Anti-theft network could kill that baying car alarm, track stolen vehicles

Those annoying and often ignored car alarms could be a thing of the past if researchers developing an anti-theft sensor network have their way.

According to scientists at Penn State, the anti-theft car network would require a sensor (or multiple tiny slave sensors) in each auto that would then register it to a local master sensor.  In a parking lot the cars would form a great big secure network. 

Right now the sensors we are testing are about the size of a dollar coin according to Sencun Zhu, assistant professor of computer science and engineering at Penn State.  "We will eventually make them only about a cubic millimeter, small enough to embed in a parking sticker and very inexpensive to manufacture."  A cubic millimeter is about the size of an ice cream sprinkle, researchers noted.

When a car enters a lot and parks, the sensor is alerted and it sends out a signal that lets other like-sensored cars know it is there.  Sensors in nearby cars acknowledge the signal and incorporate the new car into their network.  Periodically, each car sends out a signal indicating that it is still there.  When the driver unlocks the car, the sensor sends out a "goodbye" message and the network removes that car, and it drives away, researchers said.

If, however, a car leaves the network without issuing a goodbye message, the other cars will notice the absence of a "still here" message, researchers said. Once the system has confirmed that the car is gone, checking that other cars have not received the "still here" message, the monitoring sensor sends a signal identifying the car to the base unit in the parking lot, which will phone the owner to say the car is missing.  The system could be configured call the police as well, researchers said.

The researchers hope to be able to use existing wireless devices at intersections and roadsides, to track the sensors in the stolen car.  While these wireless nodes are not on every street, in areas where they are used to sense traffic patterns, stop light timing and other things, they can be used to track stolen cars, researchers said.  Because the sensors are small, they would be very difficult to locate and destroy, while conventional location equipment, such as various GPS. systems, can be identified and neutralized, researchers said.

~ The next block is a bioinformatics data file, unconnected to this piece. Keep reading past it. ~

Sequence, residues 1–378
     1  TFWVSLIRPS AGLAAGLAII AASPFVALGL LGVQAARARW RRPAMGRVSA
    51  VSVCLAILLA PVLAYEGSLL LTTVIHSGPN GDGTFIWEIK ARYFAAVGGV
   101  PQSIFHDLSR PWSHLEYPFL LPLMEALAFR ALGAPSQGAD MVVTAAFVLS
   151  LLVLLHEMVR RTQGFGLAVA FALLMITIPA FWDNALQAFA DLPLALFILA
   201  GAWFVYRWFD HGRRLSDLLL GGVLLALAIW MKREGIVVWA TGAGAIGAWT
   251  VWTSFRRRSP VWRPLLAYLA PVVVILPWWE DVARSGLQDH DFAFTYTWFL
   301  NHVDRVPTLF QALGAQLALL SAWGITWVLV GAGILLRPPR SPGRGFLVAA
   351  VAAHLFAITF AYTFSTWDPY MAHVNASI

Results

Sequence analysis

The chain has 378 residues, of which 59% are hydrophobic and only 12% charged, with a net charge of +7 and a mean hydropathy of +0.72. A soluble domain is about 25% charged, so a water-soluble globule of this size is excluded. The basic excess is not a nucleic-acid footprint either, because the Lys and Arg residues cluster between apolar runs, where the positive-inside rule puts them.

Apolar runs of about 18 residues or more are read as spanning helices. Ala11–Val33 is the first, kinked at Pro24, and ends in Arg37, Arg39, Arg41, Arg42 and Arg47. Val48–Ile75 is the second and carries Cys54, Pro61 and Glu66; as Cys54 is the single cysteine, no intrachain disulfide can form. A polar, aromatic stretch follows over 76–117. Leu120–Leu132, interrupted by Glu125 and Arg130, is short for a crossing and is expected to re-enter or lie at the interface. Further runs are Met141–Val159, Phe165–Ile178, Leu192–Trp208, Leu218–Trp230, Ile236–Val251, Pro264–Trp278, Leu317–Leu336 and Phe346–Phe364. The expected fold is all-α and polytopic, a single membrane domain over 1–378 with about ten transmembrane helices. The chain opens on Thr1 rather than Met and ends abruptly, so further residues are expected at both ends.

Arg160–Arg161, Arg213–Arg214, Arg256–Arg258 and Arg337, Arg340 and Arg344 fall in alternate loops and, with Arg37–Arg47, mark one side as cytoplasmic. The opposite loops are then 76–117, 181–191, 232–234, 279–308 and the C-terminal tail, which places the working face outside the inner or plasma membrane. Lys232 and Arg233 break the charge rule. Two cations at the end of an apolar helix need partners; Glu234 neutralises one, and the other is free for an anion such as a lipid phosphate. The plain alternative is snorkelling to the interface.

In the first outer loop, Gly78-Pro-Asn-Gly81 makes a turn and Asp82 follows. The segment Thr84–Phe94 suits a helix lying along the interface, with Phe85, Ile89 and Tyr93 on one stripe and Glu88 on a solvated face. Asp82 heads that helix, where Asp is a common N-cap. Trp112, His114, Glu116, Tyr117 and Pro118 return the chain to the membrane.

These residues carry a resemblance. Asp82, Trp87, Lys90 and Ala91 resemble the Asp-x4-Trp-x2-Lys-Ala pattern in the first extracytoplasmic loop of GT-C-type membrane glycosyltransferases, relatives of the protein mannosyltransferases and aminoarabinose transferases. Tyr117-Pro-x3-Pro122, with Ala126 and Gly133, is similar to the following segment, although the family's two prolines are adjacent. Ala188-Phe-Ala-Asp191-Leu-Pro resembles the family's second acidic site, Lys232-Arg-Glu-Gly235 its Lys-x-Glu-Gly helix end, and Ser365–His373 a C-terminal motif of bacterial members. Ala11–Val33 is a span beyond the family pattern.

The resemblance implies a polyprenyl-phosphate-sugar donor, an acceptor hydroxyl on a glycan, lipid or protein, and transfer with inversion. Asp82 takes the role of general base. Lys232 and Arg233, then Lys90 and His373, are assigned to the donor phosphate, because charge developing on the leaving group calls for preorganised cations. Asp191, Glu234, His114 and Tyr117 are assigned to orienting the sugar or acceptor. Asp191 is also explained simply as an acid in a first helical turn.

"Our thought is that the apartment complex owner could provide the sensors with the parking stickers as an additional free perk," said Zhu. "All they need is the base unit, the car owner's phone number and the sensors in the car for the car should be safe in the lot."

During testing the system took four to nine seconds to detect the absence of the stolen vehicle.  This method requires that at least three nodes recognize that the stolen car has moved before sending an alert.  Because of this requirement, there are no false alarms.  The system works in a parking lot and can track stolen vehicles.According to Zhu, street parking is more difficult to deal with than parking lots, however, he said if apartment buildings along the street band together to provide sensors and base stations it might work as well.  Because of the trust problem, he does not see the sensors being incorporated into cars from the factory, because identifying who owns which car and sensor would be difficult.  Perhaps eventually, some government office like a state's department of transportation could provide the sensors and keep track of the vehicles, Zhu said.

The current system does have its limitations. The biggest one is caused by network partitions in a sparse parking lot. In the extreme case no neighbors can be found even if a sensor has tried its maximum power level, researchers said.  This is not a concern if the sensor can communicate with the base station directly. For a large parking space, this may not always hold. As the result, this vehicle cannot receive any protection. One possible solution is to deploy extra sensors inside the parking area securely (or invisibly), which can be used to monitor the parked vehicles and forward alert messages. However, the cost of such a system will be increased, researchers said.  There also could be privacy issues, but they will be addressed in future work, researchers added

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